Targeted Drug Delivery: A drug pump is implanted under the skin in the abdomen. Because the drug pump releases medication directly to the source of pain, pain relief can be obtained with a small fraction of the oral medication dose. Watch this video that explains how targeted drug delivery works using a drug pump.
Physical Therapy: A specialized exercise program, designed to keep the painful limb or body part moving, can improve blood flow and lessen circulatory problems. Exercise helps improve the affected limb’s flexibility, strength, and function. Likewise, rehabilitation of the affected limb can help to prevent or reverse secondary brain changes that are often associated with chronic pain. Sometimes, occupational therapy also helps the patient learn new ways to work and perform daily tasks.
Medications: Several different medications have been effective in the treatment of CRPS, especially when treatment begins early. However, no drug is currently approved by the U.S. Food and Drug Administration (FDA) specifically for CRPS. It is important to note that no single drug, or combination of drugs, is guaranteed to be effective with every person.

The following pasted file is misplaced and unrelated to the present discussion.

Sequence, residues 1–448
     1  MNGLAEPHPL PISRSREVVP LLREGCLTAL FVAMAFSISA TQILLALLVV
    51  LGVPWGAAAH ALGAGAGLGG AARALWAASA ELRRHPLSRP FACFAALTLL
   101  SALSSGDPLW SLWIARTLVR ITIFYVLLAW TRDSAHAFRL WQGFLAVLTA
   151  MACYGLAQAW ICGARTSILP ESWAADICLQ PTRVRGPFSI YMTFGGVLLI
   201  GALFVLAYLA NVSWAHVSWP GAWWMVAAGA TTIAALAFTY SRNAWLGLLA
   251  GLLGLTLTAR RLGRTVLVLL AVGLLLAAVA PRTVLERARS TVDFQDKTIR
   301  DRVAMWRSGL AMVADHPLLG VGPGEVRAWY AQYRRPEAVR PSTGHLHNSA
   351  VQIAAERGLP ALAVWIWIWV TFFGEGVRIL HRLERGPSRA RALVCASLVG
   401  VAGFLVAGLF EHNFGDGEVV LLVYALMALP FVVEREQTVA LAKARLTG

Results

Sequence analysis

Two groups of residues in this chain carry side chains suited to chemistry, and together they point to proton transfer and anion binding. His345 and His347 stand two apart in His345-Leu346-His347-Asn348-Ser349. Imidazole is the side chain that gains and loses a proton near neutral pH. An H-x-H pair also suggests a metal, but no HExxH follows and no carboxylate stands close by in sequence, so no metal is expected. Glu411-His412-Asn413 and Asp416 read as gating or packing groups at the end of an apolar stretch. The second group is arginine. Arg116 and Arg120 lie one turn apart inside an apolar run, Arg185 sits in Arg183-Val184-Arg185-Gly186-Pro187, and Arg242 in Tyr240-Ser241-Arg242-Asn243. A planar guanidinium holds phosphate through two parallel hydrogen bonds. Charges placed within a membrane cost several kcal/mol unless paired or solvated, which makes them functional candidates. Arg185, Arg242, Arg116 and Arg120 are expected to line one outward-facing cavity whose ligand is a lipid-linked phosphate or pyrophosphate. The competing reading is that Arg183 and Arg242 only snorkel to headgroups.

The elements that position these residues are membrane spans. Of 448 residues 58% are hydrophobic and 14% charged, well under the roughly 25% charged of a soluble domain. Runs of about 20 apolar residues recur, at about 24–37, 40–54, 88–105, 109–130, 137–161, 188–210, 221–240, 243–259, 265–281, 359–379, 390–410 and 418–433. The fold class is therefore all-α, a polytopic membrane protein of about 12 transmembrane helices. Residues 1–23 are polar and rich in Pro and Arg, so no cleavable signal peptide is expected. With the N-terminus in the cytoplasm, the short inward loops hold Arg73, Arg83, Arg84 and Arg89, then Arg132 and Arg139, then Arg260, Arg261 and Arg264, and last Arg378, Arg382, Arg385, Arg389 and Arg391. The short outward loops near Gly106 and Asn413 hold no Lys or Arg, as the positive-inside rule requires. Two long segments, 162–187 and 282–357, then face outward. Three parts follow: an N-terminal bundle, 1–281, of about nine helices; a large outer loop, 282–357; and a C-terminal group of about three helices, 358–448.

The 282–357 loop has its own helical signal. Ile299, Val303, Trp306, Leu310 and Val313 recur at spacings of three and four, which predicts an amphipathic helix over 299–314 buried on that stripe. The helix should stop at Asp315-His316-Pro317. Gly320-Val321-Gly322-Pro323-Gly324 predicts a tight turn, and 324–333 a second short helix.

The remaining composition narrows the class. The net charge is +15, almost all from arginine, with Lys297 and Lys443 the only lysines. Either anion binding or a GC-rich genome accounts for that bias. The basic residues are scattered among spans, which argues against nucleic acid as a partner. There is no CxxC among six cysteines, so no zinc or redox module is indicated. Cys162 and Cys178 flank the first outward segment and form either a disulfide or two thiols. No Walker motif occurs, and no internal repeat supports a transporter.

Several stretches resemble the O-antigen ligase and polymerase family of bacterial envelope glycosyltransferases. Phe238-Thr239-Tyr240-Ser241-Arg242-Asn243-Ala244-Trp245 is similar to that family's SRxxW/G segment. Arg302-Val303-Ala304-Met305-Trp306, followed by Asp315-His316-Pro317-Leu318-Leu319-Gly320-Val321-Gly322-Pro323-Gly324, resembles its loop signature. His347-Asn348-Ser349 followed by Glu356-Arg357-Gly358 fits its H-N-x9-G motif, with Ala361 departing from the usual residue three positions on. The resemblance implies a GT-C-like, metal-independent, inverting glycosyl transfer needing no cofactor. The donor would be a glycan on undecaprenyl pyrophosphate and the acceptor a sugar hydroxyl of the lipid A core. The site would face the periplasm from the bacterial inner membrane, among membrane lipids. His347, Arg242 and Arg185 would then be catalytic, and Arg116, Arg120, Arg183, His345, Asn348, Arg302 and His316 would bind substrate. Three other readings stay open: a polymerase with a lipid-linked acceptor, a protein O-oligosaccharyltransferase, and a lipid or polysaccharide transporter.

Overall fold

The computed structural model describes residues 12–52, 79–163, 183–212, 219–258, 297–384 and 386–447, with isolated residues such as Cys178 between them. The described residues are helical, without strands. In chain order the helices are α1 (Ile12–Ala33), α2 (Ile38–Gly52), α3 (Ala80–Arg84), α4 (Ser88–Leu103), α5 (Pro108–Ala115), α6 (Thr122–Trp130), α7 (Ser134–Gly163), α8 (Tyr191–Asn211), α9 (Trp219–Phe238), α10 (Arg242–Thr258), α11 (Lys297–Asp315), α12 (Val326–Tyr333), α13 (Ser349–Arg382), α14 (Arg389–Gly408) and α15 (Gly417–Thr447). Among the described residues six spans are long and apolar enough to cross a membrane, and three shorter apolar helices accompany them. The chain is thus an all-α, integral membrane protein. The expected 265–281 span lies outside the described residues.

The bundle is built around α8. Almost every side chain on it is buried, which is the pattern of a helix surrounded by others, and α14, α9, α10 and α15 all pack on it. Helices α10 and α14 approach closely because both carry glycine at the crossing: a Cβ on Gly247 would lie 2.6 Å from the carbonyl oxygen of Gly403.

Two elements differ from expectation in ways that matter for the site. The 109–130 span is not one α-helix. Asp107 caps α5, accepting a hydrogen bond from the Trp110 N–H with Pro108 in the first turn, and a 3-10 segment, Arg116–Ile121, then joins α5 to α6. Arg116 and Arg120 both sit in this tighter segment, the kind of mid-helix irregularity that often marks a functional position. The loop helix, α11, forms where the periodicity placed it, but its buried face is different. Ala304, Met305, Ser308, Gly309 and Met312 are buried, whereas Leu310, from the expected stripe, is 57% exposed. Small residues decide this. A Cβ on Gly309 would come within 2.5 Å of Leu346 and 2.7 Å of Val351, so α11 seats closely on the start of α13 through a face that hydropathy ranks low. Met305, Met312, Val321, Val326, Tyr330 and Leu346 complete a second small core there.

Drugs used to treat CRPS include:
- Non-steroidal, anti-inflammatory drugs can be effective to treat moderate pain. These include over-the-counter aspirin, ibuprofen, and naproxen.
- Topical, local anesthetic creams and patches.
- Corticosteroids treat inflammation/swelling and edema.
- Drugs that treat seizures or depression have been shown effective for neuropathic pain.
- Botulinum toxin (Botox) injections may help in some cases.
- Various opioids.
Novus Spine & Pain Center
Novus Spine & Pain Center is in Lakeland, Florida, and specializes in treating Complex Regional Pain Syndrome. By using a comprehensive approach and cutting edge therapies, we work together with patients to restore function and regain an active lifestyle, while minimizing the need for opiates.
To schedule an appointment, please contact us online, request a call back, or call our office at 863-583-4445.
Complex Regional Pain Syndrome Resources
American RSDHope Organization
P.O. Box 3701
Hickory, NC 28603
International Research Foundation for RSD/CRPS
1910 East Busch Boulevard
Tampa, FL 33612
Reflex Sympathetic Dystrophy Syndrome Association (RSDSA)
P.O. Box 502
99 Cherry Street
Milford, CT 06460
Tel: 203-877-3790; 877-662-7737
Complex Regional Pain Syndrome Fact Sheet (Nat’l Institute of Health)
Complex Regional Pain Syndrome (Wikipedia)
Complex Regional Pain Syndrome (WebMD)
Complex Regional Pain Syndrome (Johns Hopkins Medicine)
Image credit: Wikipedia
Updated: February 22, 2020